Sunday, June 19, 2011

Parenting and Acceptable Risk

Six year old Sage had a gymnastics performance yesterday. She wore her sparkly blue leotard and joined her classmates in walking across the balance beam, somersaulting, and twirling around the uneven bars. We were proud of her.

Then the older kids did their thing.

Good Lord.

Girls not much older than Sage flipped across the mat at the speed of light, one after the other, almost too fast for my aging eyes to track. I became increasingly uncomfortable. What if one of them landed the wrong way? It wouldn't take much for one of them to die; for Pete's sake, my eight-year-old fractured her tibia last January doing a simple floor jump. What if one of these kids landed on her head instead of her hands?

Then came the tweens and teens, who performed what looked like a cheerleading routine. Girls stood on other girls' hands, girls were thrown and flipped in the air and caught by their teammates, girls spun ten feet off the ground and thankfully did not fall on their necks.

All these gymnasts were fantastic. Their instructors are top-notch and the studio is fabulous. All the parents had a right to be happy and proud.

As I looked around at the multitude of cheering adult faces, I wondered how many of these parents would let these same children hike up Mt. Washington in the middle of winter. Probably not many. Maybe even none. But they let their ten to sixteen year old kids flip head over heels through the air at the speed of light?

These people are nuts.

What about the parents of football players? If your son is a quarterback, that's fantastic...right? Why? Football (along with gymnastics and cheerleading) accounts for a lion's share of the catastrophic injuries and fatalities that occur in traditional children's sports. Reference.

The parents of football players are also nuts.

Perhaps it's better to avoid all children's sports and just let the kids ride their bikes around the neighborhood. That's safe enough, isn't it? Probably not, considering that 86 bike-riding kids under the age of 16 were struck and killed by cars in 2009. Ten thousand (!!) more were struck and injured. Reference.

Therefore, any parent who lets her kid get on a bicycle is absolutely, without a doubt, 100% nuts.

What about hiking Four Thousand Footers? To be fair, a legitimate comparison can't be made because analogous studies have not been conducted. That being said, any parent who takes their kid up a Four Thousand Footer, especially in the middle of winter, must clearly be nuts, right..?

So I guess that makes me nuts.

So which parents aren't nuts? The ones who keep their kids away from all sports and general physical activity? Nope. Inactive kids have a higher risk of becoming obese and developing high blood pressure and diabetes.

These parents are definitely nuts.

So what's the solution to all this nuttery?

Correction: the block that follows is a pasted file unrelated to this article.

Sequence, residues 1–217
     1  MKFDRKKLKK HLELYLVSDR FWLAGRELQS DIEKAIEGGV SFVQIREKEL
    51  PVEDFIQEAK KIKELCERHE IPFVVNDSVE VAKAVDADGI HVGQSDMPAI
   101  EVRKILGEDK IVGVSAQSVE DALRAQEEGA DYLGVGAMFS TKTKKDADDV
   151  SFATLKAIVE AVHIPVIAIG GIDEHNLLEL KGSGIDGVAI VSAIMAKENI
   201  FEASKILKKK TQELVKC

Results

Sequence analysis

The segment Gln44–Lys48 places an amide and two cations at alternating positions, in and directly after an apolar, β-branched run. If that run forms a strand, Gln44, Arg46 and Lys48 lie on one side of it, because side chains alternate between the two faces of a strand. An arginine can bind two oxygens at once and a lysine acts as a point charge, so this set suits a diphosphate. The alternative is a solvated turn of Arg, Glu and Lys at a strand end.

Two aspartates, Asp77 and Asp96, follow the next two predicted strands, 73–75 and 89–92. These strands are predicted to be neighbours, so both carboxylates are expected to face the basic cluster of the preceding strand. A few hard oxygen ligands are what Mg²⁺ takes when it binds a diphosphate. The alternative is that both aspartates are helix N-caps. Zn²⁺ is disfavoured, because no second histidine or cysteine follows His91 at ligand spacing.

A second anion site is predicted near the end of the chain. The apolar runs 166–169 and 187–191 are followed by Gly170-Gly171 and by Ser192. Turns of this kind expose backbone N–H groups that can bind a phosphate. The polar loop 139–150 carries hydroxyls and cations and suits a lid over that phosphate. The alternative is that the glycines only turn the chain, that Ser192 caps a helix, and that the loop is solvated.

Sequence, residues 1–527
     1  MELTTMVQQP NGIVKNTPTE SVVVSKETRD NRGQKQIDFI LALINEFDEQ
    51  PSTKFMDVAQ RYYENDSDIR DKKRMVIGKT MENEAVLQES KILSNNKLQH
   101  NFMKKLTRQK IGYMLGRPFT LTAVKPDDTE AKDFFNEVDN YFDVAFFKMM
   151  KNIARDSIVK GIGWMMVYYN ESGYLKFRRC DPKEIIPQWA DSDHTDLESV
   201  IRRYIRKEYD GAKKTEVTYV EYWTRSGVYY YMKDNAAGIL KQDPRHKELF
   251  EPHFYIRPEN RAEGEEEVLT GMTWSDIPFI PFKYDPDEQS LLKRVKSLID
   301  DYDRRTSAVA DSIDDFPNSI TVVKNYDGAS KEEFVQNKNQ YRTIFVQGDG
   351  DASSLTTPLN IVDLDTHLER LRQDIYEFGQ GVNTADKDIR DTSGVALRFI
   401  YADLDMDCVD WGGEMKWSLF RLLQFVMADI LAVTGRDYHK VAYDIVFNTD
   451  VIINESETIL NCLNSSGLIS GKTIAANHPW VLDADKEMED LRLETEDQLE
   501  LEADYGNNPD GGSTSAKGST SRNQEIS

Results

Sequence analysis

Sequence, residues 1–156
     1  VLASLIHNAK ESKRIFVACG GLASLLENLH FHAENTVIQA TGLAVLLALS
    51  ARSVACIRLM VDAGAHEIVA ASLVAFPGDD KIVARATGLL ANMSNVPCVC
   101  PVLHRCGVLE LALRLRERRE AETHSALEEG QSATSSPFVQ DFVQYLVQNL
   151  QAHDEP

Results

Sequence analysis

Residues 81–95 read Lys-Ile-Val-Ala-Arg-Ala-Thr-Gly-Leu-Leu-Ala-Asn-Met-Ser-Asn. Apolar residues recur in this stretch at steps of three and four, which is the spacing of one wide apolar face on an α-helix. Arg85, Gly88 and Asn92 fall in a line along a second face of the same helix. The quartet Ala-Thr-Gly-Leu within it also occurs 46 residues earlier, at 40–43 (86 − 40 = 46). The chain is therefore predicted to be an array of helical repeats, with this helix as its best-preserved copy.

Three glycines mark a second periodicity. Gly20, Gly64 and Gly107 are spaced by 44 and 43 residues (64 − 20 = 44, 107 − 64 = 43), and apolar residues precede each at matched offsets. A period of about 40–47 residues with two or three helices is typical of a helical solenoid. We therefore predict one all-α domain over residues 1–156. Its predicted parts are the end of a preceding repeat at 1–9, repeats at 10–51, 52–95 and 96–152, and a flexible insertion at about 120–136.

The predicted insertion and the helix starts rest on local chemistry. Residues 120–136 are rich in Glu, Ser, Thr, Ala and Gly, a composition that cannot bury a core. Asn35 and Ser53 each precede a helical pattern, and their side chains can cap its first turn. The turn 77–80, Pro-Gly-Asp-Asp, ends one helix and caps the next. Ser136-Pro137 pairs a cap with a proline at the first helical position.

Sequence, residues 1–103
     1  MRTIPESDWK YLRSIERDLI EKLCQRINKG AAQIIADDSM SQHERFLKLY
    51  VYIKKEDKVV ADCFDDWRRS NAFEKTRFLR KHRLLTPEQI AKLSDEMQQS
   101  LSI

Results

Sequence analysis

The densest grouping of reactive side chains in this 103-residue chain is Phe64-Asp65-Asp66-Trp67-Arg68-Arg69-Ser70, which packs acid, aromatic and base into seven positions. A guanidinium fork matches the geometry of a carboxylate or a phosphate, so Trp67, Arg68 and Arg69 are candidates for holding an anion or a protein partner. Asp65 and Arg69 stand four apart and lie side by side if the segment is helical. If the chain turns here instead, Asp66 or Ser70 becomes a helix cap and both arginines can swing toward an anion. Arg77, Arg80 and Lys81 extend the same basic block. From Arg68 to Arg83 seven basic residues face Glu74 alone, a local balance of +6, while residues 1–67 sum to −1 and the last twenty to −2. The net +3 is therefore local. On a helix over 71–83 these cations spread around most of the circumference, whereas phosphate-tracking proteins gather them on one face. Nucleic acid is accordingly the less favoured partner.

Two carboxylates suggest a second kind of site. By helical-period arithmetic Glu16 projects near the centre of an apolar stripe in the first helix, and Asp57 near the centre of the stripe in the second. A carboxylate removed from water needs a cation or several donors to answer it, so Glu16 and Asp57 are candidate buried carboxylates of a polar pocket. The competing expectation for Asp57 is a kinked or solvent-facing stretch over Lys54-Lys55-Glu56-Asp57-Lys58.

I suppose we'll each have to decide what constitutes acceptable risk for our own individual family -- and we'll have to respect the decisions other parents make for their own individual families. We don't all have to agree. However, we can't try to force our own conclusions down other people's throats. After all, nuttery abounds, no one's immune.

I'll take my six year old up a 4000 foot mountain when it's ten degrees because we're prepared, I carry everything we need for an accidental night out, and I stick to popular trails. Some other mother will let her daughter spin and flip fifteen feet off the ground because she has complete faith in her daughter's abilities and the rest of the team's competence. Yet another mother will let her ten year old girl bike around the block because she knows her daughter will be careful and watch for cars. Etc.

Not that any of this matters, because at some point each of us will strap our kid into a car and drive him or her somewhere. And THAT, my friends, is the most dangerous activity of all.



Matt said...

At first glance I said "pbbtt, what would she prefer? Let all of these kids sit around and play violent video games and get fat??"

Then I read the rest.

I see what you did here.

Don Eidam said...

Good stuff. The home schooling portion of the Moosilauke entry (which I personally found very enlightening), now this. Your "off the trail" segments are always spot on.

Natalie Truman said...

Excellent post, Trish. Just wait until you ask Jamie about what she wants to do second semester senior year. Then you'll see that Mark and I are nuts, too. But as you said, we all have very different opinions about "acceptable risk"

p.s. Looking forward to meeting you on Friday!

Patricia Ellis Herr said...

Matt, I'm glad you read the rest. :)

Don, I appreciate the nice words, thank you. I'm going to write more "off the trail" bits as time goes on; thanks for the support.

Natalie, I forgot to ask Jamie what she wants to do...I'll have to ask the next time I see her, in July. By the way, you have a very talented kid!

Anonymous said...

wow you are effing awesome! I loved this post!

Anonymous said...

nice comparisons!

Patricia Ellis Herr said...

Deez and Anonymous, thank you. :) -- Trish

William Wagner said...